In addition to all that, I’m editing my culinary documentary which I did a few months ago. It’s had to take a back seat to my other work and there’s been a few changes at the restaurant, so we had to adjust a few things on the fly. I did my interviews with the chefs last week and now I can begin the assembly in earnest. Editing a doc is so much more challenging than a narrative feature - I’ll write about it soon. But for now I’m combing through shots of delicious food into the wee hours of the night, taking a break by writing, and then starting the day anew with emails and legal documents about money, formats and regions. Then a few hours for fundraising meetings, a few hours for domestic responsibilities, and then the cycle starts all over again. Somewhere in there I’m doing my weekly sharpie portrait and trying to write on this blog consistently. Been spotty as of recent, so my sincerest apologies for that. As I mentioned in previous posts I don’t have the luxury of a staff, so I’m pretty much doing all of this by myself. Who knows down the line I might hire a few interns, but I need more organization and clarity to get to that point. I try to give my interns interesting and meaningful work, not crap like dropping off my mail. It’s an internship, not indentured slavery.

But as much as this all sounds like a grind, I enjoy every minute of it. I’m working on something I love and am getting paid for it, so I’ve no reason to complain. Sure it’s frustrating, but I remind myself that I volunteered to put myself in this position - nobody forced me to write a script or go out and raise money. Or do this blog, or shoot a culinary doc. It’s all choices I made, and it’s part and parcel of creating something from scratch. It’s the business of being an artist, and while sorting through legal documents and rights agreements may not be an artistic endeavor, it’s what brings art to the world, it legitimizes and protects your work. It’s as vital to the artistic process as picking up a pen and writing ‘fade in’ on a blank piece of paper. And it’s where you ensure that you can make a living being an artist. A career artist, and not a hobbyist who posts cat videos on YouTube.

I get a lot of cynical responses from people with 9 to 5 jobs when I say I’m busy with work. They tend to think that being a filmmaker is a flight of fancy, something akin to the folks on Entourage. I try not to get upset but I remind people that I’m an independent contractor, an entrepreneur, and my work day doesn’t end at 5pm. I start at 7am and end at around 2am. Every day. Even Sundays. And it’s work. It’s not kids playing with toys and playing pretend. It’s making something from scratch that involves coordinating a lot of people from every corner of the planet, and trying to find the money to pay them. All the while you’re taking criticism from people who might like you, but who don’t believe in your ability, and who would rather bet their house on the guy who directed Wild Hogs, because Wild Hogs made good money. And during that time you’re constantly questing your own choices, because hey - Wild Hogs did make a lot of money and Lilith is just too weird and dark.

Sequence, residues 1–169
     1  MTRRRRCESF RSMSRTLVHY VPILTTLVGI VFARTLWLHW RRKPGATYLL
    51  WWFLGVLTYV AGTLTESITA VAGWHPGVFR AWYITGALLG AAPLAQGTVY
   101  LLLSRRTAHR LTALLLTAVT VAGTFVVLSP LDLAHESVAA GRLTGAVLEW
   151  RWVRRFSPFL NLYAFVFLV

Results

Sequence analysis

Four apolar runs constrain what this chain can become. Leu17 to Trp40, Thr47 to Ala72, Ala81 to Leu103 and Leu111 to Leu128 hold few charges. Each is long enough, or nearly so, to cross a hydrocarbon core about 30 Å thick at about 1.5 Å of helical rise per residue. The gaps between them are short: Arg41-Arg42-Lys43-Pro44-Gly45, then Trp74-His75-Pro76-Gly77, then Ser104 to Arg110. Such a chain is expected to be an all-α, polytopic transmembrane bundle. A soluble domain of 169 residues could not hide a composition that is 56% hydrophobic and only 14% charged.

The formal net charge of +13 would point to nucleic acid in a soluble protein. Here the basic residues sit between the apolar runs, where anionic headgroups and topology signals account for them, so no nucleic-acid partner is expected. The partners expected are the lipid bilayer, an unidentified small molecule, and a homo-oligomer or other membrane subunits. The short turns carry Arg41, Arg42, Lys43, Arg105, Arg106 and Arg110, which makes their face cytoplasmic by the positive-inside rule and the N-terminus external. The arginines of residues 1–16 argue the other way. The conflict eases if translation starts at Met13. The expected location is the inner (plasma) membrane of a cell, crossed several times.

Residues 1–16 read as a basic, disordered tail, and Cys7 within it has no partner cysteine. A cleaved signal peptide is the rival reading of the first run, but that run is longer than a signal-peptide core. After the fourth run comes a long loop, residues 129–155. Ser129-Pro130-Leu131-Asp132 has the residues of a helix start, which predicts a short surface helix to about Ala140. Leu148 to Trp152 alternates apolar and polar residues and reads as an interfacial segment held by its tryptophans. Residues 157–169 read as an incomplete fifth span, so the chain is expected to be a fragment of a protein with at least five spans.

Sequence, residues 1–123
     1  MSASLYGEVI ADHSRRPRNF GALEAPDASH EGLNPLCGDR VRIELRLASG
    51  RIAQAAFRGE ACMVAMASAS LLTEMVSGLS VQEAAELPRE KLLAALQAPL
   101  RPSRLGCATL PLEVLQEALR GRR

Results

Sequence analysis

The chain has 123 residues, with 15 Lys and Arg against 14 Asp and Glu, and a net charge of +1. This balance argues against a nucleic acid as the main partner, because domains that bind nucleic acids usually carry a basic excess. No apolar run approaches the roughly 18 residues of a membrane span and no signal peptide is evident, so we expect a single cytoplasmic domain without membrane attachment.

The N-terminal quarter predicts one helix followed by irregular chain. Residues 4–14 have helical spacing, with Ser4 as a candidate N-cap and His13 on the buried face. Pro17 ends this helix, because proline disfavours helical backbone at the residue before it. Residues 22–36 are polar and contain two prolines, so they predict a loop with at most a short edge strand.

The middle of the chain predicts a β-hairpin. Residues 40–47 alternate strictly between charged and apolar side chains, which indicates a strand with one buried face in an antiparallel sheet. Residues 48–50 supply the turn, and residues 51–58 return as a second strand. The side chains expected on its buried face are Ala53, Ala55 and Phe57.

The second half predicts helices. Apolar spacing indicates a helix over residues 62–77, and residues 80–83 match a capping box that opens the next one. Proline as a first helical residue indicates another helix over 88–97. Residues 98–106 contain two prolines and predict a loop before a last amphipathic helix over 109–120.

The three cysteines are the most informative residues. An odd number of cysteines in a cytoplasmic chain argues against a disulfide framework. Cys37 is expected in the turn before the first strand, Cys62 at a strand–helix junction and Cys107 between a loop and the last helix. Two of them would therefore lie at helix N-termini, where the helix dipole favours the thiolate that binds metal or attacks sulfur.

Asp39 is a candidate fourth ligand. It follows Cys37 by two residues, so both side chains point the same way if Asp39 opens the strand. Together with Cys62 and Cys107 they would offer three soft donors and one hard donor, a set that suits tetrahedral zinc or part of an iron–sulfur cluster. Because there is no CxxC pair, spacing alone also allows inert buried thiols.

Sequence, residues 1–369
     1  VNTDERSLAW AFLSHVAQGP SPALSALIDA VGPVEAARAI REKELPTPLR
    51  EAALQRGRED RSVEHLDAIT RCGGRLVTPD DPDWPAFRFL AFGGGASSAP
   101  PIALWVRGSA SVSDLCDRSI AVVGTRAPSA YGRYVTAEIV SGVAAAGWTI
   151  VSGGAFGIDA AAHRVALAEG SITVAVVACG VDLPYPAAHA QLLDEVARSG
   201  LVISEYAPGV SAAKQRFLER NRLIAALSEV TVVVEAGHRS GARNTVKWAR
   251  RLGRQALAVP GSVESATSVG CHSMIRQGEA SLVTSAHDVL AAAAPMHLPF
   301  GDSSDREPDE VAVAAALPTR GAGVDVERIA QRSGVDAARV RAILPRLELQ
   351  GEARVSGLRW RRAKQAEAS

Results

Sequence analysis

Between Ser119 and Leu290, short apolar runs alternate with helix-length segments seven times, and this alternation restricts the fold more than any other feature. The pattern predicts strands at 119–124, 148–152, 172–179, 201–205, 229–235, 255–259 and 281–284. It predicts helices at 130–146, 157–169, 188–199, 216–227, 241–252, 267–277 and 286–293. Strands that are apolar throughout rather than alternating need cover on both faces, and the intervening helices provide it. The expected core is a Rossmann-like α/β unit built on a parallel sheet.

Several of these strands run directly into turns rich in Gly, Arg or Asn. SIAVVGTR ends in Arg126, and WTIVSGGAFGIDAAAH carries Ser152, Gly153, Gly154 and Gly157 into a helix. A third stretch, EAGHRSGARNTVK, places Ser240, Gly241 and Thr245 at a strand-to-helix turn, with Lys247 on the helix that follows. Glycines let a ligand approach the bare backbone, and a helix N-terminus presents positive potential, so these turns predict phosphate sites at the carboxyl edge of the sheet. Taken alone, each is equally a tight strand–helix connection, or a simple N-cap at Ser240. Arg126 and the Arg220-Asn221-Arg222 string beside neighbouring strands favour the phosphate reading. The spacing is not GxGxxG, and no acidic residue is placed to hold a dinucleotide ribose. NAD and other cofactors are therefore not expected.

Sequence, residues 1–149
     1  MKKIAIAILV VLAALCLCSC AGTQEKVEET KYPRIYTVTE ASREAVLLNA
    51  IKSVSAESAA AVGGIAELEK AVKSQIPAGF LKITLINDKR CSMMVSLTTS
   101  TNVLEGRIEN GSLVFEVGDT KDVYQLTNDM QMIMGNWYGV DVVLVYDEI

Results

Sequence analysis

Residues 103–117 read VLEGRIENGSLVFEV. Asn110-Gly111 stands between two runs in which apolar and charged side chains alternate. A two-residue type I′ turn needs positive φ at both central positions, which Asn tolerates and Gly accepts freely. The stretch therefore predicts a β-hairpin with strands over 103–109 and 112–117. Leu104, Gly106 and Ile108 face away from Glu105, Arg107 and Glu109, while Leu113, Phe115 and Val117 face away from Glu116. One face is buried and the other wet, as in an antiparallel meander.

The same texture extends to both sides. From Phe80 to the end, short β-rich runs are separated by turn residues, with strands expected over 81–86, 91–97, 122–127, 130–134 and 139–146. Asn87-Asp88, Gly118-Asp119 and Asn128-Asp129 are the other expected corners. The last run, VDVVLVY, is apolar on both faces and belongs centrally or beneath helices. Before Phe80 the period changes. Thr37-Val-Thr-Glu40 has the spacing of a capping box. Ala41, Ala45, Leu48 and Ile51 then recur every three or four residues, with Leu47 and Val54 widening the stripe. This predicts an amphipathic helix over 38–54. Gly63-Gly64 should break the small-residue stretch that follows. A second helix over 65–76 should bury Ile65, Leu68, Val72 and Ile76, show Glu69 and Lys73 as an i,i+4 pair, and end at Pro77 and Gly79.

'Wild Hogs' vs. 'Lilith.' I think I made the right choice.

It was exhausting just to write that last paragraph. This is a tough job, a career choice that makes you face uncertainty every day. If you’re an actor you walk into an audition not knowing if you’ll get the part. You have to prepare yourself for rejection, because that’s what will happen to you 95% of the time. If you are a producer you have to put everything you have into a pitch, travel on your own dime, and say the things people want to hear without compromising the very reason why you became a filmmaker - to tell the stories that mean something to you. And like an actor, you will get rejected 99% of the time. But you pick yourself up and start again, because you have belief - faith - that someone out there will see the world the same way you do. You adapt and adjust, never losing sight of who you are and what you want to accomplish. I feel like this is where a lot of artists struggle - they lose themselves in the journey. They may get a paycheck but it’s a brimming unhappiness inside, because we’re not immediately doing the work that we set out to do in the first place. Becoming a professional artist is taking a huge risk, and we don’t take such huge risks to muck around in the middle for the rest of our lives.